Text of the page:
Not too long ago I was asked to look into gender neutral names for SCA members who are interested in developing a Dutch persona and have a name for both male and female.
I hit the archives almost immediately, because this is an interesting and important question! I managed to find 3 names so far but I hope there are more, so this could become a project! Feel free to contact me if you have a specific question.
The name Floor can come from one of these 2 names, Flora or Floris (in turn those come from Saint Florentius). Floor, however is also registered just like that for both boys and girls.
In our capitol Amsterdam, I found 2 baptisms (1 May 1567 and 2 November 1572) of children called Floor. It is not clear whether we are looking at boys or girls here.
In the pretty town of Enkhuizen, I found the baptism of a boy Aris on 1 October 1595, whose mother was called Floor Aris.
In the town of Vianen, I have found a wedding entry where the groom is called Floor Henricxz and the bride is called Maerijken Claes Cornelisz on 23 October 1603.
The pronunciation of Floor is, well… you’ve probably guessed it: simply Floor; like in English. I do not know if this is the kind of name you’d like to use, but it can at least be used for all.
Leen can come from Helena or from Leendert, a Germanic boys’ name meaning ‘strong as a lion’. Leen just like that is also common between the years 1500-1650.
Here, we have a mother listed as Leen, when her daughter Lisbeth in den Bocht is baptised in Venray on 29 May 1610.
In the town of Oudewater (read my post about that gorgeous place here), we have a father named Leen Claessen, who has his daughter Neeltgen baptised on 30 November 1610.
And again, in the town of Enkhuizen, on a cold wintery day (24 Jan 1580) we have a bride named Leen Cornelisdr van Egmont, marrying her beau Pieter Luitgesz.
The name Leen, for you English speakers, is pronounced as Lane. This could be something for you!
The name Luijt/Luit can come from the instrument lute or from the Germanic Lude, meaning people. For women, the name Luijtgardis/Ludgardis can also be found. The sources are unclear which is the origin of the name Luijt, but I can tell you the name Luijt is common in The Netherlands between 1500-1600.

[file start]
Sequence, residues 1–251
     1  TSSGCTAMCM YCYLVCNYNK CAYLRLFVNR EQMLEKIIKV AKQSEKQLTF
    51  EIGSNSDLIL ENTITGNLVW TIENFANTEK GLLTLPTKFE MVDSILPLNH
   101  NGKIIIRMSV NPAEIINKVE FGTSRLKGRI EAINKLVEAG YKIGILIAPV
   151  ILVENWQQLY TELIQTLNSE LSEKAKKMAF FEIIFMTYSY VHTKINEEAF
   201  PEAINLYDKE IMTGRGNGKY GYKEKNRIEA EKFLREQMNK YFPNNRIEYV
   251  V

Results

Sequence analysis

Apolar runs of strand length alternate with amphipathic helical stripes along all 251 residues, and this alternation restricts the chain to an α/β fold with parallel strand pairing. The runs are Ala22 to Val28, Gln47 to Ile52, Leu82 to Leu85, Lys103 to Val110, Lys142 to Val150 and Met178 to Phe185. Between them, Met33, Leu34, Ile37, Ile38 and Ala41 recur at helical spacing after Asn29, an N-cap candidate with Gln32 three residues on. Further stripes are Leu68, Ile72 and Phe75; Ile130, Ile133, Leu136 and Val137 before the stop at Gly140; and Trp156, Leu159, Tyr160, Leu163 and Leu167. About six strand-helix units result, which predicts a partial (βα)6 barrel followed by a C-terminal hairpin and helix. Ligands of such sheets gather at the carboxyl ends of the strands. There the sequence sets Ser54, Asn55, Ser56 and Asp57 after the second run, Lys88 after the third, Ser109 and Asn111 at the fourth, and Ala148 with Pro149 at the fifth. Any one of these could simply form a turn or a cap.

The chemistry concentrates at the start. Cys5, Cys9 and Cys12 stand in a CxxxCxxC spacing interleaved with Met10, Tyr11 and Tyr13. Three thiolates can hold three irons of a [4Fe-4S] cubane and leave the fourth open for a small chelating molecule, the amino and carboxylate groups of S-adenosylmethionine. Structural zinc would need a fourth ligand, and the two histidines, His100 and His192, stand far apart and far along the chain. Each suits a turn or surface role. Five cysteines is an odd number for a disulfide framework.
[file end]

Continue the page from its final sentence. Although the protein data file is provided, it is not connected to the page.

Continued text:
In the pretty town of Hoorn (I feel like a tourist guide folks!) I have found the baptism of a little girl named Anna, on the 27th of December 1583. Her father is Luijt Jansz and her mother is Reijnu Pieters.
Also in Hoorn, on 1 September 1577 a lady named Luijt Fredericksdochter van Embden registers with the Lutheran church.
The name Luijt is probably the most difficult to pronounce. The double consonant U + I is tricky. You could settle for LUTE.
Please make sure you contact me if you have questions. I will continue to look for more gender neutral names, but if you have a request, just say so.
Updated 26 October 2021
Hi all, I have done more research on this topic and I have found 2 more names that would work for all.
Yep, you are reading this right. The name An was used for both male and female. Make sure you spell it like this: A+ N
Here is exhibit A:
The picture on the right is the baptism of a boy named Cornelis. The baptism is from Amsterdam and is dated 17 December 1569. The father is called An Winkis.
The picture on the left is also a baptism. The boy is named Dirck. The baptism is from Hoorn and is dated 21 May 1595. The father is called An Asmesz.
But, as it happens, there were also women named An.
Here is exhibit B:
On 9 February 1566 a boy is baptised named Lambert. The father is Lucas Lambertsz and the mother is An Isbrans.
Amsterdam is a big city, even in those days. This means the archives are better as well, compared to other towns and regions going back to the middle of the 16th century. There are 292 registrations of women named An in Amsterdam. Can’t list them all here, but you know now that they existed.
Here is another gem. In the month of May 1565, a couple named Otte Tiaertzs and his wife An settled in the town Molkwerum in Friesland:
In the year 1577 a bride named Auck Attis marries her Jan Cornelisz. van Amersfoort. The day and month aren’t legible anymore, but here is the entry in the church books.
In 1570 two ladies go to a notary to have it in writing that one is lending 25 guilders to the other. That is a nice amount of money! In this day and age it would be around 1700 euros (source: International Institute of Social History). The lender is Auck Jelles.
But there were also men named Auck. On 17 July 1583 a man named Auck Henrickszen had his daughter Hendrickgen baptised in the town of Hoorn.